On day two of the conference, a 5 Hour Recertification Program will be held for those with a pesticide applicator license. Pre-registration is $60 and includes lunch or $70 at the door. Call 254-757-5180 to pre-register. Also, on January 15, a private applicator training will be held. Registration is $75 and includes lunch. Preregister by calling 254-582-4022.

For more information contact:  Chelsea Dorward, Bosque County Extension Agent (254) 435-2331

Water Conservation

The 40 Gallon Challenge is a nationwide call for residents and business to reduce water use by 40 gallons per person, per day. Drought conditions, increased water demands, and water wasting habits put strains on our region’s water supply and this can have negative impacts on our energy consumption, the local environment, and our wallets.

According to the U.S. Environmental Protection Agency, water delivery and treatment consumes a considerable amount of energy, about 56 billion kilowatt-hours per year or roughly enough energy to power 5 million homes for a full year. Running a faucet for five minutes uses roughly the same amount of energy as letting a 60-watt lightbulb run for 14 hours.

As our water resources become strained, water levels can lower, therefore increasing the concentration of water pollutants. Higher pollutant concentrations can affect the safety of animals and the safety of the community if these pollutants are passed on during consumption of polluted animals.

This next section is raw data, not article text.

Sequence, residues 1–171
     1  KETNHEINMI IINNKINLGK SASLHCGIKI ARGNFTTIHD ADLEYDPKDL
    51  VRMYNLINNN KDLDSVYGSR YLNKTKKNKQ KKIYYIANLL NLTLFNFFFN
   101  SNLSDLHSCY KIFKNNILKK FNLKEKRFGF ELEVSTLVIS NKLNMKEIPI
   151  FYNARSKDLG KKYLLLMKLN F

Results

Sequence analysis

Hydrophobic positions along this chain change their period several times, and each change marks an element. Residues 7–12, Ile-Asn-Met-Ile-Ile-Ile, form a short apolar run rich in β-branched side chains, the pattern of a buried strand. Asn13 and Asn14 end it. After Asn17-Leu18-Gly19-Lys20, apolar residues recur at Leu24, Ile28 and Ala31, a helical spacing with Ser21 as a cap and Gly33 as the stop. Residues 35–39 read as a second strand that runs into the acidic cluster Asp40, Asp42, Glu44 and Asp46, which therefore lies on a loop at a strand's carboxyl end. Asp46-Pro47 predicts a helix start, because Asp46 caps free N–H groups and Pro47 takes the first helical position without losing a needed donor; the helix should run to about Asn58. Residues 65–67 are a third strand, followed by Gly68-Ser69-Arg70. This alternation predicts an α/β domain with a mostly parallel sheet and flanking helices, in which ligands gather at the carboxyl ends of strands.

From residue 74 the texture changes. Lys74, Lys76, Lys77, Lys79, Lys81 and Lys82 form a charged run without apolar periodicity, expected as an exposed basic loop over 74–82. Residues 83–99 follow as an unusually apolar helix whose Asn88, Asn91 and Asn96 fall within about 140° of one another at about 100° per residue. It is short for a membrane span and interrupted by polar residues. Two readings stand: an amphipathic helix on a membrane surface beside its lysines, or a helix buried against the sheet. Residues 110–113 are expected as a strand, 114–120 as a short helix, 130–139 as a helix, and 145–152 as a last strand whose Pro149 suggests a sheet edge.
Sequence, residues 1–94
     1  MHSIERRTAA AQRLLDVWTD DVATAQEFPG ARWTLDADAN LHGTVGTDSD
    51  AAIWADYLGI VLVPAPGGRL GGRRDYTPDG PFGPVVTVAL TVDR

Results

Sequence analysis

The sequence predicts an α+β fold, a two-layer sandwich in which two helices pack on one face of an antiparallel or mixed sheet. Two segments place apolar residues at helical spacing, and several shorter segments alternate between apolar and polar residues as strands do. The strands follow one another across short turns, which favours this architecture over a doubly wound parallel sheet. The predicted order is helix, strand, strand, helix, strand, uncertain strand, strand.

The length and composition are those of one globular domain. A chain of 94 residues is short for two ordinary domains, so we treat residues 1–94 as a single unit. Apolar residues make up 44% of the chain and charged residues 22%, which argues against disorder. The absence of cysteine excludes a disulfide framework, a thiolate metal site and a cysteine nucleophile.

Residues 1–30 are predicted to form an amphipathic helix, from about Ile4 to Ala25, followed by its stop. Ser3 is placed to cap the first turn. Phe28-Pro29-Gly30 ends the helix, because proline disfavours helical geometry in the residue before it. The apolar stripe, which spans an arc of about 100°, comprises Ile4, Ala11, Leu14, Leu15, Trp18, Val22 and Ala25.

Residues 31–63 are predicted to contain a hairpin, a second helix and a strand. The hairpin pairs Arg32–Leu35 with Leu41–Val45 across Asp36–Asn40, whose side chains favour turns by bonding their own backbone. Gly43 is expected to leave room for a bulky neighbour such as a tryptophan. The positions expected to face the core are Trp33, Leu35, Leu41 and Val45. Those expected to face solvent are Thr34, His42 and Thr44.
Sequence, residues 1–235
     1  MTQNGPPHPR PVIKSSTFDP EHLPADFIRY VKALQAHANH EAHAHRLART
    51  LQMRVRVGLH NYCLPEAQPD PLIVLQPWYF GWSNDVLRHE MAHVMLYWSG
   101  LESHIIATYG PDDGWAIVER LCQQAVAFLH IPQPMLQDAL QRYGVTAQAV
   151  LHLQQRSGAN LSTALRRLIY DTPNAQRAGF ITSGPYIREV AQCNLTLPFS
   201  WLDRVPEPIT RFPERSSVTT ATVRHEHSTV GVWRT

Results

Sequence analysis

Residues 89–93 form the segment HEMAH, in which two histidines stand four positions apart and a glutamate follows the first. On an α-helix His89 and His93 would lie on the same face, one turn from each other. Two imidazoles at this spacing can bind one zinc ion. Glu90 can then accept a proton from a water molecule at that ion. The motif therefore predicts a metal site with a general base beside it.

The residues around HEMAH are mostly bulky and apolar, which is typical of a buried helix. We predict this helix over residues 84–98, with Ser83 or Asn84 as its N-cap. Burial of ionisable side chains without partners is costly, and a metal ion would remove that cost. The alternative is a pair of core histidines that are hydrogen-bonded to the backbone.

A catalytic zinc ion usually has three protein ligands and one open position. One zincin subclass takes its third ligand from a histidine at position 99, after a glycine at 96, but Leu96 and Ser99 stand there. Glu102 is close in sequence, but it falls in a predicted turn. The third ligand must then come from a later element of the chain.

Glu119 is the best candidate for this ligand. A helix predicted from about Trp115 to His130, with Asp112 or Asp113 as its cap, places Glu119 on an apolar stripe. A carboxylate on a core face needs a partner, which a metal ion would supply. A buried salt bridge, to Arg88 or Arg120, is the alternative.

The economic strain may not be so apparent when you look at the monthly water bill, but if you take a moment to add up how much you are spending across the year, you might be surprised. The EPA states that, on average, a household will spend $500 a year on water services. However, using water saving habits at home can affect your wallet and the community at large.

A few tips that can save water throughout the day include: running the dishwasher only when it’s full, taking shorter showers, fixing those leaky faucets and toilets, or even installing low-flow toilets and showerheads. We can all help conserve a very precious resource just by taking a few small steps to reduce our consumption.

To make a pledge, or for more helpful tips on how to conserve water, please visit today.

Turkey Day Trouble

“Back in my day our milk was unpasteurized, we thawed our meat right there on the counter, and the Thanksgiving leftovers were left right there on the table until after the Cowboys beat the Redskins.” These are some common sentiments I hear when talking about food safety, and there is some validity to food safety being lax in the past. Grandma most likely knew exactly where and from whom the meat, dairy, and eggs were coming, the conditions they were processed in, and the conditions of how they were delivered. With the advent of modern food production, we do not always have the luxury of knowing exactly how, when, and in what condition our food gets to our table, and that comes with the unknown risk of foodborne illness causing pathogens. Food safety precautions are important in order to keep our family, our friends, and ourselves healthy. A foodborne illness can be as mild as a rough night spent in the restroom or as serious as a hospital ICU visit. The latter case can be more prevalent for those with weaker immune systems: very young children, the elderly, pregnant women, and those with compromised immunities. With that in mind, let us talk about some ways to reduce the risk of foodborne illnesses this holiday season.